Best Health Insurance for Mental Health

See how we're different

Best Health Insurance for Mental Health

See how we're different

One in every five Americans is affected by a mental illness – more than 43 million, according to the data from the National Alliance on Mental Illness (NAMI). Truth be told, there are many adults in the U.S. who suffer from mental illness and are yet to get assistance for managing their conditions. Nearly 60% of people with mental illness don’t get any counseling or treatment for their mental health. Seeking help when you suffer from mental health issues is more important than you think. 

Health insurance policies that prioritize mental health coverage make it easy and accessible for people to seek help for mental illness. 

Many people don’t even understand that they may have coverage for mental health covered in their health insurance plans. Even though, health plans are not obligated to offer mental health coverage, the Obama administration compelled many to include it by introducing a crucial healthcare reform, known as the Affordable Act. 

What Will You Need to Pay for Mental Health Services If You Have insurance?


You are responsible for any deductibles and copays for mental health services that you would pay for physical healthcare. But the parity law says that you can’t be subjected to two separate deductibles. Any amount paid out-of-pocket for mental healthcare contributes to the overall deductible of your plan. For example, if you have a $2,000 deductible and pay $1,000 for mental healthcare and $1,000 for physical healthcare, you have met your deductible requirement for the present year. 

It’s up to the mental healthcare providers to decide whether they need to accept insurance or not. They can also choose which plans to work with. To minimize the associated costs, get help from a provider listed in your plan’s network. Such a provider has an agreement with the insurance company and will manage paperwork, such as filing claims.

There is always the option to get treatment from an out-of-network provider. However, in such a scenario, even if your mental health is covered, you are required to pay the full amount out-of-pocket. Then you will be expected to file claims with your healthcare plan to receive any available reimbursement.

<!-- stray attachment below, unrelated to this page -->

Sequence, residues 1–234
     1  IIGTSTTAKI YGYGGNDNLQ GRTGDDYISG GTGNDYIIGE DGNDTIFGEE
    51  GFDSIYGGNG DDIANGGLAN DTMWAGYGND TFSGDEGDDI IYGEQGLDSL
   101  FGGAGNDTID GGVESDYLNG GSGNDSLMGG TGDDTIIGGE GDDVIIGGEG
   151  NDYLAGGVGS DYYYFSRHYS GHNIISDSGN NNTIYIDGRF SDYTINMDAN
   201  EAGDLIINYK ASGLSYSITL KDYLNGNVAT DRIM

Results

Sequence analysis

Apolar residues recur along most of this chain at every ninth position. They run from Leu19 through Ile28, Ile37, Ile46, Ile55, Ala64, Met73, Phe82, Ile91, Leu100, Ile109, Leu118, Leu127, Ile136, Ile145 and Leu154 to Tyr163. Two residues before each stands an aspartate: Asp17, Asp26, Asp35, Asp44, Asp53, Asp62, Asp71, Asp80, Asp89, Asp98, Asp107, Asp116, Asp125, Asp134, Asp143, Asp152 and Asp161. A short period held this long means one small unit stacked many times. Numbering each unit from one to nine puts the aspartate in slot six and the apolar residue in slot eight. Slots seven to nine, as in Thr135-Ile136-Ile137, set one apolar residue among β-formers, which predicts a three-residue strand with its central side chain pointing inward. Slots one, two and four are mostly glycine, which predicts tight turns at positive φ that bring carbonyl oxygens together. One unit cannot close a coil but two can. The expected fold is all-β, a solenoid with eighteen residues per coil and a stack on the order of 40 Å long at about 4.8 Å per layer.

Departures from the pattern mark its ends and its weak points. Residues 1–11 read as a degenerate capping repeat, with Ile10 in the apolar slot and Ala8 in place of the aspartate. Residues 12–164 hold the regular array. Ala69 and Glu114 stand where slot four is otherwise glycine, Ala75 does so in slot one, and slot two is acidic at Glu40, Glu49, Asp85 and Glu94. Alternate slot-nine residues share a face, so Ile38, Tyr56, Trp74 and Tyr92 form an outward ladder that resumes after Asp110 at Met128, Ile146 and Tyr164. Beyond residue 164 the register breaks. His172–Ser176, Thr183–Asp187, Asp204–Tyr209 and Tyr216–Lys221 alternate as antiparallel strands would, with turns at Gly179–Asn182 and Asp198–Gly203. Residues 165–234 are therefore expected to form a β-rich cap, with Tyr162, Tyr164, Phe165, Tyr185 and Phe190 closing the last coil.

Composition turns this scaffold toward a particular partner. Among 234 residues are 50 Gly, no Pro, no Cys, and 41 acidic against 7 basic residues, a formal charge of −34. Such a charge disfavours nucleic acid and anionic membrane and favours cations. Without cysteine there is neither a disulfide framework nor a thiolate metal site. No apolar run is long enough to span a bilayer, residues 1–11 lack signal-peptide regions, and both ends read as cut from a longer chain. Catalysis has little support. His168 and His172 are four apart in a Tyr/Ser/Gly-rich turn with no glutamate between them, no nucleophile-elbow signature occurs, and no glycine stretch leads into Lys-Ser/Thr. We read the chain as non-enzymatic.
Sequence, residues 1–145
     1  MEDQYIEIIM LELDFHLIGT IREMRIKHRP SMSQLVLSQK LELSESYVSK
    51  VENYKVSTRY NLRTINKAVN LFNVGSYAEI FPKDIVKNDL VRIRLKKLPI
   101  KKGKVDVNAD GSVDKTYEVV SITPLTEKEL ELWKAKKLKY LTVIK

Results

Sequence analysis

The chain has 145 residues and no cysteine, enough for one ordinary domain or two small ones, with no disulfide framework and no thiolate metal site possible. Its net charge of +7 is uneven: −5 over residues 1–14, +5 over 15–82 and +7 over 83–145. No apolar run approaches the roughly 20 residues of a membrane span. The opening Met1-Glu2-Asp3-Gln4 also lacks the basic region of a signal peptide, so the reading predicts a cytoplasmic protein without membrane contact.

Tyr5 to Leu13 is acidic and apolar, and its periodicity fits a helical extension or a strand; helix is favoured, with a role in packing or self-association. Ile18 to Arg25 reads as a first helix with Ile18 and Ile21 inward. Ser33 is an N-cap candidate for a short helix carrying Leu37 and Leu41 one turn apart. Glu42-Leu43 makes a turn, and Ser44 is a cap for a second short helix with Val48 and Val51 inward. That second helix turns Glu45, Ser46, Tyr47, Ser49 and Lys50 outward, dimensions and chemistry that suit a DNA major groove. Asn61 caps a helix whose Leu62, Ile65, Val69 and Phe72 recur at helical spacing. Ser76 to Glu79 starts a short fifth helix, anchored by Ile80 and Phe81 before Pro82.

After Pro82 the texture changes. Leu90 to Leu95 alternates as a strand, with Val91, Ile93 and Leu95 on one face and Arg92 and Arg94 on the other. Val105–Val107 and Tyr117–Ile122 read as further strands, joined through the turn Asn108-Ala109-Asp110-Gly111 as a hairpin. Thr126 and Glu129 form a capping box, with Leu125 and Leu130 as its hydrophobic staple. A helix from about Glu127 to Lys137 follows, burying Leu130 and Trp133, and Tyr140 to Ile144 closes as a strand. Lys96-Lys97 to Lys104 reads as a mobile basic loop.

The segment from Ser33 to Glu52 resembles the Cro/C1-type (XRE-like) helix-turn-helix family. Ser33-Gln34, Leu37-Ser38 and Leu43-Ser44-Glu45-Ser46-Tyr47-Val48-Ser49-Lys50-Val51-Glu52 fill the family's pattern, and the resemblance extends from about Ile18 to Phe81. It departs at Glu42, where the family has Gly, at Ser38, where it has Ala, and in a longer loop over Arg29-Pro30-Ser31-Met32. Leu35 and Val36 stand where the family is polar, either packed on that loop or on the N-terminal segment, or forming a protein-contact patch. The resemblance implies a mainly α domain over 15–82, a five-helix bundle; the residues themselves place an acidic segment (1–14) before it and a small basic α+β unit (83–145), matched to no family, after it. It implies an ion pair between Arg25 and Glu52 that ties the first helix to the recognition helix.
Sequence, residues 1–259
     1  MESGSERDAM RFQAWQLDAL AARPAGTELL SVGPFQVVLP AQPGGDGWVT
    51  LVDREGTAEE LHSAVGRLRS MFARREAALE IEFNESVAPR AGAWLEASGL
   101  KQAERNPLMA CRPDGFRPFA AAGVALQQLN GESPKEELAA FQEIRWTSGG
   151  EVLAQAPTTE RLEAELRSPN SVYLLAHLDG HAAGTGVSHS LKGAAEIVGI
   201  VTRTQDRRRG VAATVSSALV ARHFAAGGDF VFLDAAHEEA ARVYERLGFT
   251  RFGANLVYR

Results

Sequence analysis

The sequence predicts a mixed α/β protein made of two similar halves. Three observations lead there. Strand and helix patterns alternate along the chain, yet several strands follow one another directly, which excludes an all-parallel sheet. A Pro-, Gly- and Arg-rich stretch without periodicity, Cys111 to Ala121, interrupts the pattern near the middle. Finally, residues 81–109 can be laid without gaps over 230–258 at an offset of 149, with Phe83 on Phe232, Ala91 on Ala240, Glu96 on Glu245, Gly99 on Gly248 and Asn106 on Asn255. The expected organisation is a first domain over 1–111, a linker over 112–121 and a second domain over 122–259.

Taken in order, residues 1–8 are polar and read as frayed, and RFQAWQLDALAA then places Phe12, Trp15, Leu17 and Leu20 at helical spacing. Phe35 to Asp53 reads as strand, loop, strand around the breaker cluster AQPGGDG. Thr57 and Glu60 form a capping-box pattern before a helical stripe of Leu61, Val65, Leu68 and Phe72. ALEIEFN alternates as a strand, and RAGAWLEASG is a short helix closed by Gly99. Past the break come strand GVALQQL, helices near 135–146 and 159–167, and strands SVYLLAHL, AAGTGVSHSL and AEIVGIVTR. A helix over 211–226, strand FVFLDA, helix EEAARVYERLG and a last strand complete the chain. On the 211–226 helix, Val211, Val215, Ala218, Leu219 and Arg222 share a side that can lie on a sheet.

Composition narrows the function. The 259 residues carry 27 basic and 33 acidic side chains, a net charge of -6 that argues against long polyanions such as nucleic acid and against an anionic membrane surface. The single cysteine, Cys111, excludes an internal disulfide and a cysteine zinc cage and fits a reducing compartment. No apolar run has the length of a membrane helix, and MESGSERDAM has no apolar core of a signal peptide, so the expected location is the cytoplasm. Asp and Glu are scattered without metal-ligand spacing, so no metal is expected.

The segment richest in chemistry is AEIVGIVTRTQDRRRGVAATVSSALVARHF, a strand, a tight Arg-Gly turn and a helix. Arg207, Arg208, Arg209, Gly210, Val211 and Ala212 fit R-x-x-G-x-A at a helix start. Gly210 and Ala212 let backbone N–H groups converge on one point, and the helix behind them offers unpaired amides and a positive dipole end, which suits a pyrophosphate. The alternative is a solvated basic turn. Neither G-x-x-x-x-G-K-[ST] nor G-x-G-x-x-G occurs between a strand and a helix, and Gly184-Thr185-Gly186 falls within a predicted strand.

What Do Health Insurance Companies Cover?


The Affordable Care Act expands health insurance coverage for mental health and specifies minimal essential benefits, which every insurance provider has to include in their long-term plans. 

Some parts of the earlier iterations of ACA have been amended, particularly the individual mandate that requires Americans to pay a fee or maintain some type of insurance. Still, the essential benefit protections are untouched, and thus your health insurance provide have to comprise of the following mental health services:


Prescription Medications

Your doctor might have prescribed medications to manage symptoms. They are used alogside therapy to treat mental illnesses, such as obsessive-compulsive disorder, attention deficit disorder, schizophrenia, depression, and anxiety. 

General practitioners recommend prescription refills, but mostly, healthcare professionals refer you to a psychiatrist, so you are diagnosed and get a prescription accordingly.

Insurance providers often categorize prescription drugs into tiers, based on their pricing. Typically, they rely on a five-tier ranking system for categorizing drugs. Tier 1 is made of the least-expensive generic medication and prescriptive drugs, whereas Tier 5 includes highly specialized and brand-name drugs. 


Talk Therapy

Therapy is used for identifying the underlying causes of self-sabotaging behaviors, phobias, and mental illness. A therapist uses certain exercises to assist you with thinking problems in a different way, changing your behavior, and managing symptoms. Some of the types of therapy include the following:



Psychotherapy is about discussing your triggers, stressors, and problems with a therapist who monitors your condition and manage symptoms. Your therapist may talk you about trauma, a negative event which may have affected you subconsciously in the childhood and assesses your interpersonal relationships. 


Cognitive Behavioral Therapy

This therapy helps you address negative patterns of self-abuse and self-thought, so you can resolve effectively. A cognitive behavioral therapist assists you with managing symptoms of depression or anxiety. For this purpose, they teach you, so you can learn coping strategies to manage your mental illness. 


Behavioral Therapy

Behavioral therapy is similar to cognitive behavioral therapy. However, it is more centered on learning behaviors and the impact of environments that have those triggers. Usually, behavioral therapy helps in treating obsessive-compulsive disorder, posttraumatic stress disorder (PTSD), and anxiety. 


Electroconvulsive Therapy

If you are suffering from severe mania or depression that hasn’t alleviated or improved with other treatment, then your psychiatrist may recommend this form of therapy as the last resort. It includes passing electrical currents in the brain to invoke a temporary seizure.

Electroconvulsive therapy is conducted under general anesthesia, which is why patients don’t feel any pain or feel awake during this procedure. The seizure resets various areas of the brain’s chemistry, enabling the patient to view drastic and sudden changes through their mental health.

A few years back, electroconvulsive therapy was notorious for administering extreme electrical current. Today, the modern procedures and technology has made it safer.